Putting such awarenesses aside, however, and trying to prevent herself from over-intellectualizing the situation—which could even lead her to discredit her new, essentially gentlemanly suitor because of his supposedly sub-intellectual profession as a personal trainer—Mina decided to take Lana’s advice, which was to attempt to see Davis’s apparent simplicity in a more positive light. After all, Lana assured her, cerebral guys weren’t necessarily gladiatorial in bed, and they were almost never as lusciously put-together as Davis. Moreover, Lana went on, Mina’s long-held theory about guys who get dating advice from dude-specific periodicals giving primacy to their own satisfaction and never their partners’, despite its significant degree of empirical backing, could turn out to be wrong this time. So Mina revised her disposition by looking at the situation through an aperture at once wider and more sympathetic. As such, she conjectured that Davis was only one of many guys who had internalized the Thrust questionnaire prior to going out on a date that week; that she was therefore only one of many girls who had replied to its queries; that it was possible that there were many other couples on dates that evening, all having very similar conversations at the very same time; and that, despite the situation’s inherent lack of uniqueness, it was almost sweet that Davis had gone to such quasi-mnemonic lengths of half-witted research so as to impress, ensure, satisfy, intrigue. And anyway, although that particular evening did not culminate, to Davis’s probable displeasure, in sexual intercourse—not seeming easy was, for Mina, an immutably golden rule—it did conclude with promisingly passionate car-kissing involving tongues, saliva, curious hands, the rejection of increased manual curiosity directed at Mina’s nether regions, and smeared lipstick. Hearing this, Lana somewhat jealously assured her horny colleague that, as proverb would dictate, it was “all good.”
As proverb would also dictate, the third time was the charm. One week after her first date with Davis, six days after her conversation with Lana, three days after her second date with Davis, and eleven hours after making up her pre-date mind, Mina accepted Davis’s tertiary offer to go back to his place to “have another drink or something,” which meant that Mina would nurse a fourth vodka tonic while Davis gulped down his sixth and seventh. It meant that they would cross over his threshold, one after the other, and that Davis would flip on a light and say something along the lines of ‘well, this is it,’ which, as it turned out, was exactly what he said. It meant that they would have the proper time and environs to converse a bit more intimately, and that Mina would have to continue to stifle her rich intellectual vocabulary and liquid metaphorical locution so as to be understood. It meant a significant spatial shift, which Mina’s theory-informed mind interpreted as ‘strong masculine/weak feminine space,’ and which Davis—given his generally Thrust-ed way of looking at things—viewed as ‘home field advantage.’ And of course, as they both basically assumed, Mina’s acceptance to have another drink at Davis’s place also meant that they would make out a bit harder; that progressively curious hands would finally turn up some penetrating answers; that undergarments would be revealed and probably shed; that lights would be dimmed and music turned on as manual and oral titillation ensued; and that, in all likelihood, Davis would pass his contraceptive-enshrouded penile member through Mina’s somewhat nervously quivering, yet warmly welcoming, labial folds.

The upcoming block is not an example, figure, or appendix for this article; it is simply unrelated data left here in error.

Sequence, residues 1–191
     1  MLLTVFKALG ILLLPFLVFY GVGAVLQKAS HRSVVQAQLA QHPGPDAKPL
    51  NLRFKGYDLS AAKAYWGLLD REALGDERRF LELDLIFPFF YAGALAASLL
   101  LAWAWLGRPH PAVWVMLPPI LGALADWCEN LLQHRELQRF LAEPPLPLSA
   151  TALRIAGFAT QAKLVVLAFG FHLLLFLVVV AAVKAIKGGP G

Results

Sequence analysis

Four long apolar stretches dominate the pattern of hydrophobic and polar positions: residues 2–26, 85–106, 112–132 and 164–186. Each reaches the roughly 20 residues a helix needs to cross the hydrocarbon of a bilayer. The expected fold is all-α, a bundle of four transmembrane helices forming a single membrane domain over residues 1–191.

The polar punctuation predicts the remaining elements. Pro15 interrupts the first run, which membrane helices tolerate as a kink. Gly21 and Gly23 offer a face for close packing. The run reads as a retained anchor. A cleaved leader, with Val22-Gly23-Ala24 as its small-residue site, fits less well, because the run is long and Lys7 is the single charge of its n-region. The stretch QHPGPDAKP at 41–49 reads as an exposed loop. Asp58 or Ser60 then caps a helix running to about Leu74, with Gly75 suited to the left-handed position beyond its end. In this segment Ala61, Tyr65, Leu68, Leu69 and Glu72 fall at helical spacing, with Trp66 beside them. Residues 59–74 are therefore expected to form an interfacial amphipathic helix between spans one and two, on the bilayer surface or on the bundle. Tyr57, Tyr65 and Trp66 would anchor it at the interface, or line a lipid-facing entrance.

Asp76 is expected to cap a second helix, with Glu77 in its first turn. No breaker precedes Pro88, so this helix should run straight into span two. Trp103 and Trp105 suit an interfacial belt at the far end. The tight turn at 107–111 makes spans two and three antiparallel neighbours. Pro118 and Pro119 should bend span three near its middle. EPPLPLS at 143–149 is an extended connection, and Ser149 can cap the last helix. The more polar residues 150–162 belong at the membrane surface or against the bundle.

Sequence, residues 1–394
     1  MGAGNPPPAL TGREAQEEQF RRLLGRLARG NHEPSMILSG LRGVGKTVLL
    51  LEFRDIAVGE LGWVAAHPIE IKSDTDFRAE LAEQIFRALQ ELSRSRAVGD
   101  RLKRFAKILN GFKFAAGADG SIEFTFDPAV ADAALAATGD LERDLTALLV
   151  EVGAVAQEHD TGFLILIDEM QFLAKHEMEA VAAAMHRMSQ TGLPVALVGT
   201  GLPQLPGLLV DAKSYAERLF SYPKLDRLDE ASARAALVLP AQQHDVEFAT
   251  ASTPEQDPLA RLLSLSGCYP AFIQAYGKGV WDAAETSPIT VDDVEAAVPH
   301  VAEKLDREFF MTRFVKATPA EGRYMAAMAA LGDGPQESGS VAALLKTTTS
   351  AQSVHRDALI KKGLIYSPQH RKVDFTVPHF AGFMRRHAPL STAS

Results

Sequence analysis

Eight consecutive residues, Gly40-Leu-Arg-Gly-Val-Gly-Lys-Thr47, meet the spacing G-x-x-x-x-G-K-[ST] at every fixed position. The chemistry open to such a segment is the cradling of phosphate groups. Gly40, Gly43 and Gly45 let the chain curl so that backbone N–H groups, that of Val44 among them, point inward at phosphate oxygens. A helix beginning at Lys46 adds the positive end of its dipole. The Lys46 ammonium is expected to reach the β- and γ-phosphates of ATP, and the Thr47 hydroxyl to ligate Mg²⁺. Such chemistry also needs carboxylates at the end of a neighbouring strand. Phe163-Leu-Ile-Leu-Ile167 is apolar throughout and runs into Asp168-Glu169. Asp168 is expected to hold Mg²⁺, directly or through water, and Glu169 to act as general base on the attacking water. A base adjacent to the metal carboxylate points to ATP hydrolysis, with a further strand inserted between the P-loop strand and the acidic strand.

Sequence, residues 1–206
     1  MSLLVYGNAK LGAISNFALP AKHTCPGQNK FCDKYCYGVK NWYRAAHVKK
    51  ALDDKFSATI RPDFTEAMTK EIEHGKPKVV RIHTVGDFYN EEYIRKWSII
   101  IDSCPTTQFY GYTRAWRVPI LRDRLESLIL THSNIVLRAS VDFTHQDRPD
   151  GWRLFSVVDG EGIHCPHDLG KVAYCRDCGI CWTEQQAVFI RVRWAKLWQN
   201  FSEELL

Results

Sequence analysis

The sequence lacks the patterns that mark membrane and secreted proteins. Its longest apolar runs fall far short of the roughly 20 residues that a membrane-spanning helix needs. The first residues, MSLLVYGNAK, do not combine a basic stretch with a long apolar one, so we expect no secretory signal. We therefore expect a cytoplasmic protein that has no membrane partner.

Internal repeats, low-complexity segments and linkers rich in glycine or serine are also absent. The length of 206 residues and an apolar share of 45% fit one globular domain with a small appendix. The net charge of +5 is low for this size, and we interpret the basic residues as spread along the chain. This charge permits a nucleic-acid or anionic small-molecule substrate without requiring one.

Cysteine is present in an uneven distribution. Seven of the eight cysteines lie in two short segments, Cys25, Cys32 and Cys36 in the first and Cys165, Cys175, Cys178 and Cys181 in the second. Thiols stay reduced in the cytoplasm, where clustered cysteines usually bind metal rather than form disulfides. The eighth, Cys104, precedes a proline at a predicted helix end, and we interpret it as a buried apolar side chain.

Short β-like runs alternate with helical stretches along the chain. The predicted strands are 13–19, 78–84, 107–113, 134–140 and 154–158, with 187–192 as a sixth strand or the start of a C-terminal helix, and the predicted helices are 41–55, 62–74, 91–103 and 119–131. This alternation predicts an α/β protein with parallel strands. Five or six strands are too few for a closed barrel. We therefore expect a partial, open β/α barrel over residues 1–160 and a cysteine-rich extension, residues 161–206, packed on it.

This is essentially what happened and, as Mina had correctly foreseen, Davis’s shot on goal came up disappointingly short. He had hustled through a variably humdrum litany of intercourse-preceding activities, then played a hurriedly physical as opposed to sensually amorous match, as if his passion for the game included no notion of team-related harmony and tactics. And yet, since Davis hadn’t inquired as to whether or not she had finished, Mina permitted herself a glimmer of possibly midcoital hope by considering that he was taking a breather, perhaps, so as to recharge, reload, reassess, redirect. He seemed to be making an attempt, after all, by stroking her figure slowly with his right forefinger and pressing his now-condomless, sticky and diminishingly throbbing unit against the middle interior region of her perfect right thigh. What’s more, he was making a concerted effort at conversation by disclosing that he had “never dated a girl named Mina before,” to which Mina replied, dryly, that “people who have surnames for first names are full of shit.” With that, they shared a sensual chuckle and a warm embrace. Then Davis passed out.